Revenues for the third quarter of fy2012 were $173m, 2 per cent down on the $176m of a year ago. Net income was $3.94m, down from the $5.8m recorded a year ago. These earnings exceeded the Street's expectations so why did investors decide to sell the shares?
It could be the decline in both revenues and profits. Why did this happen? Two words: OEMs and tape.
Quantum is in the closing stages of a multi-year two-fold transition from sales of its tape products through OEMs and the addition of disk-based hardware and software products to its portfolio, such as DXi deduplicating data protection arrays and the StorNext file management software.
The revenue decline was "primarily due to expected reductions in OEM and royalty revenue," and the net income fall was "primarily due to lower tape-related service and media royalty revenue." Set against that was this:
[This quarter] was the ninth consecutive quarter of year-over-year growth in branded revenue, which increased 3 percent and represented 81 percent of total non-royalty revenue. Quantum also generated record revenue of $36 million from disk system and software sales (including related maintenance), which increased 18 percent from the same quarter last year.
Another quarter and we may see the end of revenue declines due to the falling off from OEM tape product revenues and the start of a period of revenue growth as the disk-based hardware and software product revenues continue growing
Jon Gacek, Quantum's president and CEO, offered this thought about the quarter:
We … achieved a new high for disk and software revenue, with a strong contribution from new product sales, and generated our highest level of branded tape automation revenue in eight quarters. Sales of our DXi6701/02 and DXi4601 disk backup and deduplication products were particularly strong, and customers also responded very positively to our new vmPRO virtual data protection solutions … We also saw significant traction with our new StorNext appliances.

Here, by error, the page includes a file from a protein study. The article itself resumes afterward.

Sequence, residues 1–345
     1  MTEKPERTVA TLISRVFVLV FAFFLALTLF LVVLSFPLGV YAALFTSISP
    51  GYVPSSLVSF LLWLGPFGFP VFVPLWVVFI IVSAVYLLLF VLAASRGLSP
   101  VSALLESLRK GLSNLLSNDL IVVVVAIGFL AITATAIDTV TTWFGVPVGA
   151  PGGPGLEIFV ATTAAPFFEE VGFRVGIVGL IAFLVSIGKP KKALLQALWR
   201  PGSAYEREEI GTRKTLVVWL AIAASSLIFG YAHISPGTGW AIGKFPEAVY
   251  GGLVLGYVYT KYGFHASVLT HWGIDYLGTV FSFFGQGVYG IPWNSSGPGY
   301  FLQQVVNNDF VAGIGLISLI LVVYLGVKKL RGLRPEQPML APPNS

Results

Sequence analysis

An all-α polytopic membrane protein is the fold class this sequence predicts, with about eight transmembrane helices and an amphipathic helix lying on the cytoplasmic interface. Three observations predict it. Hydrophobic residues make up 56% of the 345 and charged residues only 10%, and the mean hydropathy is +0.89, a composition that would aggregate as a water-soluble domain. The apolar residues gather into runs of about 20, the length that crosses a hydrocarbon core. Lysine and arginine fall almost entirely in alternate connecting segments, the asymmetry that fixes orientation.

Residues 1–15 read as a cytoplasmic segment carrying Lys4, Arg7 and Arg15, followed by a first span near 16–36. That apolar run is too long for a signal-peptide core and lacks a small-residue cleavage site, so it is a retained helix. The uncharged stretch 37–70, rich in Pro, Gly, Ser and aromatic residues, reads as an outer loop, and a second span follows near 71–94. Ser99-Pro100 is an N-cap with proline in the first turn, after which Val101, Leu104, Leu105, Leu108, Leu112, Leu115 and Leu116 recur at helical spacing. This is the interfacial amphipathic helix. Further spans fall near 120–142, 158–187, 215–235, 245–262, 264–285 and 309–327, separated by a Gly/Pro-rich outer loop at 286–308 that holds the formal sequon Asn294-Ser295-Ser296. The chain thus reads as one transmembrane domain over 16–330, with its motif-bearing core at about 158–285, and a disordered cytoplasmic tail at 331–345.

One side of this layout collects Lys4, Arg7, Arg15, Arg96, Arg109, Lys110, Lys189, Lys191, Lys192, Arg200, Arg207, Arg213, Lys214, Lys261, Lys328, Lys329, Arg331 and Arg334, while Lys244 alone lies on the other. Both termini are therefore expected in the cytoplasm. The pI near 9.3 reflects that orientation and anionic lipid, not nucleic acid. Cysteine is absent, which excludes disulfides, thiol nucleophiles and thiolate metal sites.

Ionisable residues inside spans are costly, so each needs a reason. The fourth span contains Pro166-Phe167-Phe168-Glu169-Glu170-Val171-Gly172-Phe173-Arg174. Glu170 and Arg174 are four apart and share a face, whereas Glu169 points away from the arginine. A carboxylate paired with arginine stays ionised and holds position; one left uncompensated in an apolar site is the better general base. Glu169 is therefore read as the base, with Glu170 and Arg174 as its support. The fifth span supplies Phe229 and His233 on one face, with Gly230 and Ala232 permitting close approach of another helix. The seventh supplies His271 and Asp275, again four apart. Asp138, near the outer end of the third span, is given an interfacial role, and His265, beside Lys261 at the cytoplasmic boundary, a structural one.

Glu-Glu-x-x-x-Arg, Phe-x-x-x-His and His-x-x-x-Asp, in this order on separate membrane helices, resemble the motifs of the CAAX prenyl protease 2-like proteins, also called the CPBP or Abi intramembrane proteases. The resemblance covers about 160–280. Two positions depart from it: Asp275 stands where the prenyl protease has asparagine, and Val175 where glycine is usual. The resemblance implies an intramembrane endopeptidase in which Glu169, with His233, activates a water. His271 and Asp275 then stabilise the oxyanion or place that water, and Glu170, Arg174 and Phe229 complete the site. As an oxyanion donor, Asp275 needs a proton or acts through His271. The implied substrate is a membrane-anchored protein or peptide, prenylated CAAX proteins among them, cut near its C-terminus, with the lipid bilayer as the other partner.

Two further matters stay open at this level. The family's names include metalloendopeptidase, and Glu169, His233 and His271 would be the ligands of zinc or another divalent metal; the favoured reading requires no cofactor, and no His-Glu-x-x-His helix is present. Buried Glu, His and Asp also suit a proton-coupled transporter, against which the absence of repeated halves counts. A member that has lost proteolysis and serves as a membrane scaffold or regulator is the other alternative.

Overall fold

We see Quantum managing the loss of huge chunks of tape product revenue through OEMs and the flattening out and decline of growth in the tape market while earning a profit. Good stuff, yet the shares were punished as if the company had made a loss. The outlook for next quarter is for revenues between $160m and $170m and a slightly lower gross margin.
A continued gentle revenue decline on other words, but this patient, which was quite sick last year and the year before, is doing well. It has a good reselling relationship with NetApp, which sorely needs backup-to-disk products in its portfolio and can also make good use of the StorNext software.
The debt from the ADIC purchase is becoming a smaller and smaller factor in Quantum's results. The DXi deduplicating products have been continually refreshed and had performance augmented. There is a low-end NAS product with deduplication, virtual server protection products, and a removable disk backup product.
Nevertheless the outlook is disappointing and that's probably why the stock price took a hit. Quantum is not a glamour stock nor a glamour company; it's a reliable and steady hard-working company that's playing the tape-to-disk product transition hand it's been dealt well and running its affairs well too. Fiscal 2012 may well be seen as the year in which Quantum turned the corner, put its troubled tape days behind it and started on a revenue growth path again. ®